Glenfiddich 14 “Rich Oak” was introduced to sit between the legendary 12 and the highly regarded 15, presumably to lure Glenfiddich loyalists to start climbing the ladder.
It spends its 14 years in traditional ex-bourbon casks before being subjected to two different finishes: a few weeks in virgin Spanish and American oak. No word about drippy sherry casks, no “first-fill” this and “select reserve” that – just finished in some virgin casks. Refreshing, really. Let’s see what a couple of months in some brand new wood can do:
“Rich oak” is a pretty decent description. It’s rich, and, er… oaky. Spices, candy apples, tropical fruits and old furniture. No vanilla to speak of, but I’m convinced there’s at least some sherry hiding in there. While not the most complex nose – it can be dissected and inspected quite easily – but full and intense. Powerful!
Glenfiddich 14 shows how potent virgin casks can be, and presumably how careful you need to be with them in blending Scotch. This is a challenging pour. Absolutely raw, rough wood flavours, and a sharp bourbon-esque sweetness. Loads of citrus (sour, even), sherbert, watermelon, nuts and some classic Glenfiddich apples. Tasty, but overwhelming – it hits the tongue hot and never lets up. Think less “oil painting” and more “finger painting” – it feels somewhat directionless and undefined, lots going on but not saying very much. If this makes any sense at all.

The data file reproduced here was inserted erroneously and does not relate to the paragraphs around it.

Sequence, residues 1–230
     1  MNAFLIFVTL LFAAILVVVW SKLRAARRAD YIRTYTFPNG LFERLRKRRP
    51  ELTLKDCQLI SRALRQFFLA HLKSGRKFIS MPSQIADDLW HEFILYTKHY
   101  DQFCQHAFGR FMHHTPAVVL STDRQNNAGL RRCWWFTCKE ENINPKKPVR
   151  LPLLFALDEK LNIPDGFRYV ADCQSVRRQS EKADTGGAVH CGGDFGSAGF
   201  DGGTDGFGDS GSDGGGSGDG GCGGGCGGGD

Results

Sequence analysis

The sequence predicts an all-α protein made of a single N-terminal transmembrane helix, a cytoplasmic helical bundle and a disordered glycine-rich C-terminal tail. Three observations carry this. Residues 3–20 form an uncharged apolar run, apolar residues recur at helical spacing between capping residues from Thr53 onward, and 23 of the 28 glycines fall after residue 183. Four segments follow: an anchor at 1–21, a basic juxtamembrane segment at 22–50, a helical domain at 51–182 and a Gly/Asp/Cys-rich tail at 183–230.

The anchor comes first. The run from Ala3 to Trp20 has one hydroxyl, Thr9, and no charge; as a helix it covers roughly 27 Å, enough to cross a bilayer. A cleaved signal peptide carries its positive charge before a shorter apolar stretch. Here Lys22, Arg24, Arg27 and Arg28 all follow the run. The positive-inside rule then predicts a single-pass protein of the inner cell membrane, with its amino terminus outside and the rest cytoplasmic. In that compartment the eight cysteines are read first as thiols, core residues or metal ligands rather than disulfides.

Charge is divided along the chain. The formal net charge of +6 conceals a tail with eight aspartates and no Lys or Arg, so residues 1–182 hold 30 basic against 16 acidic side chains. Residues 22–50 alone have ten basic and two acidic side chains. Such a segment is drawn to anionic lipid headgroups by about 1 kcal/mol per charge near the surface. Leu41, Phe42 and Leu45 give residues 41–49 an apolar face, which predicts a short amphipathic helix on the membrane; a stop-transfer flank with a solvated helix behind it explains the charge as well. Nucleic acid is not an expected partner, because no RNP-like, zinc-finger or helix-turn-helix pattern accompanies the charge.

I’m not crazy about the finish here – unfortunately it develops into something quite palate-searingly bitter, and the woodiness becomes almost stale on the tongue, like licking granny’s favourite armchair. Of course, this has the pleasant side-effect of making you drink more of it (by design, no doubt) but if you’re looking for a creamy, lingering experience this isn’t it.
I’m happy to report that a few drops held up pretty well, as did some ice – those intense flavours give you a lot of room to work with despite the standard ABV. The unpleasant finish is tamed, and it becomes significantly more sippable. Water recommended!
I’ve got mixed, but leaning-towards-positive feelings about Glenfiddich 14. On the one hand it’s a really rich, potent little dram that gives you a lot of whisky for the money. On the other it’s a little too feisty and fiery, like a child continuously screeching for attention. Charming at first, but it gets old fast.
Although mood plays a big part here, I’d say it’s more enjoyable for a whisky lover than the 12, which will always be an easy-sipping single malt for newcomers and diehards. The 15-year-olds (both the Solera and the Distiller’s Edition) are truly something special and worth the price bump.
Would I buy a bottle? Probably not, but I look forward to tackling it again in the near future. Cheers!